Both are effective market research philosophies; the strategy you choose depends on your nonprofit’s unique research goals.

Step 3: Use available data to analyze your supporter base.

When looking to learn more about your donors, you’ll need to think outside the box. The data already available to your nonprofit concerning its donors and their engagement with your resources can help you identify relevant donor attributes and better target your research.

Here are a few key data sources to analyze.

Donor employer data

According to Adam Weinger, president of Double the Donation, the key to raising funds from corporate partners is in the hands of your most loyal donors. This means it’s your responsibility to analyze donor employer data and identify corporate philanthropic initiatives.

Knowing where your donors work may reveal matching gift fundraising opportunities. This allows you to market the opportunity directly to eligible donors and reveals key information about their giving capacities and motivations. Aside from determining their eligibility, employer data may also reveal:

  • Giving capacities: While employer data won’t reveal donors’ salaries, you can use what you know about their job titles to estimate their income level. For example, an executive employee may be capable of increasing their gift size.
  • Motivations: Let’s say one of your loyal donors works at a veterinarian’s office. This individual’s career choice might indicate their alignment with your nonprofit’s values or goals. In this case, your donor could be passionate about animal care, making them personally invested in an animal shelter’s mission to bring affordable vet services to pet owners.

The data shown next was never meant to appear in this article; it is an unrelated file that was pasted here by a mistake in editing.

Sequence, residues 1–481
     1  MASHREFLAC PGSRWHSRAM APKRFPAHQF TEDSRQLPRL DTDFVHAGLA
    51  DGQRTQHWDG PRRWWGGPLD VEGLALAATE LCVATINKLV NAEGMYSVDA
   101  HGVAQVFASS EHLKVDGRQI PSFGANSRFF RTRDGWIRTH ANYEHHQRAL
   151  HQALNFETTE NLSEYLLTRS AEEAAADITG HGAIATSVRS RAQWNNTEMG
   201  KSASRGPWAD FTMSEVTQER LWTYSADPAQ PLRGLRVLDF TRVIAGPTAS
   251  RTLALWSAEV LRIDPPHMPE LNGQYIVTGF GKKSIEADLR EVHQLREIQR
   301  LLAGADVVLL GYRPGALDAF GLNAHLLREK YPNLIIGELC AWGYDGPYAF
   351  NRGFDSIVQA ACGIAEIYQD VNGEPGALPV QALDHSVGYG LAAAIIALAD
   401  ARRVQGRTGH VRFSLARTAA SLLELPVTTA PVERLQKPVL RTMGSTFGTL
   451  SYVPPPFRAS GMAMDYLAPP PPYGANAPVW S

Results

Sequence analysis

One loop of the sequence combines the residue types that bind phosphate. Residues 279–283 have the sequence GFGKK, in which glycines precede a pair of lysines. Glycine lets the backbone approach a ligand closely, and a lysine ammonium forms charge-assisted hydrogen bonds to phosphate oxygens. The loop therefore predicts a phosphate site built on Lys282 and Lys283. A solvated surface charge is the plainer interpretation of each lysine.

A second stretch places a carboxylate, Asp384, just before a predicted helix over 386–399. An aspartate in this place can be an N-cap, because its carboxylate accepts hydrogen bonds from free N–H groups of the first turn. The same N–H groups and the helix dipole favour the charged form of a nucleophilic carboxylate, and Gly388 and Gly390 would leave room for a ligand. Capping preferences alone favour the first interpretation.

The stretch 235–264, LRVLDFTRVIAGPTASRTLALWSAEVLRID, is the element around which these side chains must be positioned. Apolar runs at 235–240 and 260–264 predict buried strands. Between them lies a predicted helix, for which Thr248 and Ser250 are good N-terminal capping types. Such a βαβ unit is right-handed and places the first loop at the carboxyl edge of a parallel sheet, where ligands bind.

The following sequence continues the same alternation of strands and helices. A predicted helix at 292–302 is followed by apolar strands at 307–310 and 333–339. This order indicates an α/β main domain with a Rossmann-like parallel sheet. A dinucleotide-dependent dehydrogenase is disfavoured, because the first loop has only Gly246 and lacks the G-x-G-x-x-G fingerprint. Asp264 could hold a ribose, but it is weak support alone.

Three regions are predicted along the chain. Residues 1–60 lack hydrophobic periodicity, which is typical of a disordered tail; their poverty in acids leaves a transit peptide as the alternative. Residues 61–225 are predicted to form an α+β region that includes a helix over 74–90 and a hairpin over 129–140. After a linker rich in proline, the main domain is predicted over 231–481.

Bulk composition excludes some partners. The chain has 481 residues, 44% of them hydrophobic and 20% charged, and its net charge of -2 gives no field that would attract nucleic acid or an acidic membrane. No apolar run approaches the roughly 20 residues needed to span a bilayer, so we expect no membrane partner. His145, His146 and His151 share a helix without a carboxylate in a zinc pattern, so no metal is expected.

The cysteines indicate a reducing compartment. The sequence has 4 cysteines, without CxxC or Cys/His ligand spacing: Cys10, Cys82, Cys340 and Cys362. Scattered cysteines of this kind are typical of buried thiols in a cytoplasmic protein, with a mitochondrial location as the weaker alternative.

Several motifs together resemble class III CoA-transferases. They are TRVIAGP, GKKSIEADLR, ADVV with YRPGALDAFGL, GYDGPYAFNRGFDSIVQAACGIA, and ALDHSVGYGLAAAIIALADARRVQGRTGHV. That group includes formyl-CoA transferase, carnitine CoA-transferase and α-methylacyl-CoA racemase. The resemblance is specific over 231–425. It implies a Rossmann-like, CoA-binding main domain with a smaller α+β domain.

• Other opportunities for support: Matching gifts isn’t the only opportunity for corporate support, and identifying donors’ employers can help your nonprofit pursue other corporate partnerships. For example, these for-profit organizations may be receptive to a corporate volunteer day or sponsorship.

Donor employer data empowers your nonprofit to not just engage supporters, but also its community by building relationships with local businesses.

Website data

Processing 8.5 billion searches per day, Google has an immense global reach. This makes it a valuable tool for educating and inspiring a wider audience, according to Michelle Hurtado, Global Head of Google Ad Grants.

Because your nonprofit’s website holds the power to bring awareness to your cause and urge donors to take action, the metrics associated with your website’s traffic can reveal what visitors are looking for when they land on one of your pages. By understanding why individuals visit your website, you can employ a more successful approach to engaging them online.

Evaluate key metrics, such as:

  • Keywords: What are visitors searching for when they find your website? This offers insights into a donor’s motivations when searching for your website, which can help guide your research. Additionally, this data is invaluable when applying for and using the Google Ad Grant, which will ultimately help to grow your website audience.
  • Bounce rate: Just because a visitor lands on your website doesn’t mean they spend quality time on each page. Evaluate bounce rate to determine how many visitors leave your site without interacting with multiple pages. This helps you narrow down which visitors are truly invested in your website’s content and what they’re looking for.
  • Conversion rate: Identify site visitors who were inspired to take action. Conversions vary depending on your website’s content and goals. For example, site visitors may “convert” by submitting a web form or downloading educational content.